The Wolf of Britannia (working title)
After a three week struggle, I finished the re-write of chapter 52. Because the chapter became so long, nineteen pages,
I divided into two chapters, 52 and 53. They describe the Battle of Caersws in what is now modern Wales. This was Caratacus's
last battle against the Romans after waging guerrilla warfare for nearly eight years. I wrote it from viewpoints of Caratacus
and the Roman, Porcius. I attempted to portray this battle as realistic as possible and that accounts for the increase in
words and pages. My attempt was to "show" and not "tell" the story. I ran it passed my mentor and fellow
author, Patricia DeMars Peiffer, and surprisingly she found only minor mistakes in the writing. This pleased me. I knew what
she would look for and I did not want to have to do another major rewrite. She always wants me to paint a scene and setting--I
made a point of doing just that. On to the next chapter. Caratacus is betrayed by his cousin, Cartimandua, Queen of the Brigantian
tribe, a Celtic Kingdom in Northern Britannia. I am getting close to the end of this story.
The Broken Lance
This last Saturday, Jan. 26, I read chapter 32 to the Spokane Novelist Group from The
Broken Lance. This is a down chapter in which we take a breather from the fast paced action of the last few, which
involved a hair-raising torture scene and the discovery of a list of conspirators, who planned to assassinate the Emperor
Claudius, in an urn within the mausoleum of the Gallus Family.
In this chapter, we learn of Marcellus's growing
love for the British Princess and hostage, Eleyne. There was some debate by the group about the way I covered the chapter.
I opened up with a narrative summary which I considered a transition. One member disagreed and said it should be a full blown
scene. I disagreed in that it would not add anything significant to scenes I created in the chapter and would unnecessarily
lengthen the novel, etc. There were some other points brought up on which I could agree. This has been a tough group and they
keep you honest. However, at the same time, you cannot give into the personal preferences/prejudices of others. A writer must
keep his/her own style intact and follow his/her true self, otherwise, creativity can be stiffled if not ruined.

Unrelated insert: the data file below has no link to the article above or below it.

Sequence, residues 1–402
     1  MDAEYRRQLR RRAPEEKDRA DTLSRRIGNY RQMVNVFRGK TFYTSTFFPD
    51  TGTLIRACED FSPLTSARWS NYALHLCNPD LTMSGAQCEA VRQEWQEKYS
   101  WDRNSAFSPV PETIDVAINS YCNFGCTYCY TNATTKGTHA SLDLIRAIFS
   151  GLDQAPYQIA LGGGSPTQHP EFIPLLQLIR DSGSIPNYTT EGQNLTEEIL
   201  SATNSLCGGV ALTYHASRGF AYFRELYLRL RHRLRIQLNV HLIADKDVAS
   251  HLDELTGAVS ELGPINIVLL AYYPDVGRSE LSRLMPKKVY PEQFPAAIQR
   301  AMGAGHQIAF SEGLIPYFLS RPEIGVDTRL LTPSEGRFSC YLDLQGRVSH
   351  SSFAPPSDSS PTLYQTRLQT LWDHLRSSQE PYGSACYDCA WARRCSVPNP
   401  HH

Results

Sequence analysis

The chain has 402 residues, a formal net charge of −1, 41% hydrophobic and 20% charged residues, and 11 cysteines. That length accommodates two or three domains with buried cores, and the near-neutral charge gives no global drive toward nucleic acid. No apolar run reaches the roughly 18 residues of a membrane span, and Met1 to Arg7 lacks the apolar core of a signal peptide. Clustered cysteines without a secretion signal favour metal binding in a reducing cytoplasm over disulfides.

I am including an opinion from my book doctor, Erin Brown, who is a former editor with Harper-Collins about this situation
of when to "tell" or narrative usage.
Thoughts on Writing - Narrative
The following is from an email I received from book doctor/editor Erin Brown.
"Showing allows the reader to experience the story through a character's
actions, words, thoughts, senses, and feelings rather than through the narrator's exposition, summarization, and description
"A few words about narrative: 'Show, don't tell' should not be applied to all incidents in
the story. According to James Scott Bell, 'Sometimes a writer tells as a shortcut, to move quickly to the meaty part of the
story or scene. Showing is essentially about making scenes vivid. If you try to do it (show) constantly, the parts that are
supposed to stand out won't, and your readers will get exhausted.' Showing requires more words; telling may cover a greater
span of time more concisely. A novel that contains only showing would be incredibly long; therefore, a narrative can contain
some legitimate telling.
"Scenes that are important to the story should be dramatized with showing, but
sometimes what happens between scenes can be told so the story can make progress. According to Orson Scott Card and others,
'showing' is so terribly time consuming that it is to be used only for dramatic scenes. The objective is to find the right
balance of telling versus showing, action versus summarization. Factors like rhythm, pace, and tone come into play."
--Erin Brown, Editor.